A divided Florida Supreme Court said Wednesday it will take up a dispute about whether the city of Miami Beach can move forward with a local minimum wage.
Justices issued an order agreeing to hear the city’s appeal of a ruling last year by the 3rd District Court of Appeal that struck down the local minimum wage.
Justices Barbara Pariente, R. Fred Lewis, Peggy Quince and Jorge Labarga supported taking up the case, while Chief Justice Charles Canady and justices Ricky Polston and Alan Lawson dissented. The order did not set a date for oral arguments.
The local minimum wage was approved in 2016 and was scheduled to take effect this year. The minimum wage would have been $10.31 in 2018 and go up $1 a year to $13.31 on Jan. 1, 2021. That is higher than the statewide minimum wage, which is $8.25 this year.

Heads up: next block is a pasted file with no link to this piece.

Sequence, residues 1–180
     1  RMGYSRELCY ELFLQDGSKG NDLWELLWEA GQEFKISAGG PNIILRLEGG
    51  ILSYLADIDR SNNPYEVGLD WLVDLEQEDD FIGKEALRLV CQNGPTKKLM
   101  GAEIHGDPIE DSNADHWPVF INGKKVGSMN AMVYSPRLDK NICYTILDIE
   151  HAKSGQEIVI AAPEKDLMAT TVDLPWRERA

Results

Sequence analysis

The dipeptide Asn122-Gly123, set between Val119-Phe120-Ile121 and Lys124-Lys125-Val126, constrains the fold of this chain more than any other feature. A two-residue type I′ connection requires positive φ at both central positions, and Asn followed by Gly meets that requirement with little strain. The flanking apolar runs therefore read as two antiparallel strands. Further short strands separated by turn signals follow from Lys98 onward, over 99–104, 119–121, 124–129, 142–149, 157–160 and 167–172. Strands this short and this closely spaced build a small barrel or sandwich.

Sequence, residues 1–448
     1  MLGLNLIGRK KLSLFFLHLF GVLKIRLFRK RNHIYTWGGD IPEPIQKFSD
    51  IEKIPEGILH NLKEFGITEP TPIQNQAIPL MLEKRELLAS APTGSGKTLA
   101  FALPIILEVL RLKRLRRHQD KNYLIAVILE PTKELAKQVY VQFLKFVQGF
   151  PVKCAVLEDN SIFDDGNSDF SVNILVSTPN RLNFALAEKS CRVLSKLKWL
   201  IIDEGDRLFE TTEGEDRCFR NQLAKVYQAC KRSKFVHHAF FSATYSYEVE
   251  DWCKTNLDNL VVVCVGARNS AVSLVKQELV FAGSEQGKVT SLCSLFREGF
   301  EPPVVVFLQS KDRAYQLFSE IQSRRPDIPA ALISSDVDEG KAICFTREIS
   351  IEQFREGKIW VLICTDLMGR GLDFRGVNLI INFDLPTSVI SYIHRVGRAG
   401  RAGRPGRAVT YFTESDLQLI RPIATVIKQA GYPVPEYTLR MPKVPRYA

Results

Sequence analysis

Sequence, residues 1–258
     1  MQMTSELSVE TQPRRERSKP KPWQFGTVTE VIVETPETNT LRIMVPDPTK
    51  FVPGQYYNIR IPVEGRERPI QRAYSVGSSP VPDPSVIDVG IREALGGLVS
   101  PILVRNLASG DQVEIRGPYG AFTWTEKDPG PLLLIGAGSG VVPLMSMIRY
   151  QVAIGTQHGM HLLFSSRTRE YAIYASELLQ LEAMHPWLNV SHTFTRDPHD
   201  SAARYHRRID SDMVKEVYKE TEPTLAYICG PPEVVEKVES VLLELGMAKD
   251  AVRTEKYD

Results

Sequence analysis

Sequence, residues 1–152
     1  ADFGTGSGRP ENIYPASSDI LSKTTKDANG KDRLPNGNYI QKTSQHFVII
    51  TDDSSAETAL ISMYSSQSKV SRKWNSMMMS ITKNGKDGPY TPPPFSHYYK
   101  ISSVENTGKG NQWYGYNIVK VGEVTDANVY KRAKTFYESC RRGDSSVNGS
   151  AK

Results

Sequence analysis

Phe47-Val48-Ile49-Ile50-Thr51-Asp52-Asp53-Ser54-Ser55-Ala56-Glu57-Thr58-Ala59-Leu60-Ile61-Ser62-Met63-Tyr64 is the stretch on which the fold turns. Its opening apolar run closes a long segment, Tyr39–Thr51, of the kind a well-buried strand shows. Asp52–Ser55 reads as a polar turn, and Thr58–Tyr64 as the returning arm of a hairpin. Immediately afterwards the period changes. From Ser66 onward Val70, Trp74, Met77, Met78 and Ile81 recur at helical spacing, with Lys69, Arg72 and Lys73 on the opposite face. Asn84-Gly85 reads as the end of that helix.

Opponents, including the Florida Retail Federation, the Florida Chamber of Commerce and the Florida Restaurant & Lodging Association, filed a lawsuit against the city, contending that local governments do not have the legal authority to set their own minimum wages. The case, in part, focused on a 2004 constitutional amendment that created a higher minimum wage in Florida than the federal minimum wage. Miami Beach argued that the constitutional amendment also allowed it to set a different minimum wage. But the 3rd District Court of Appeal said an earlier state law prevented local governments from setting minimum wages and that the constitutional amendment did not change that “preemption” law.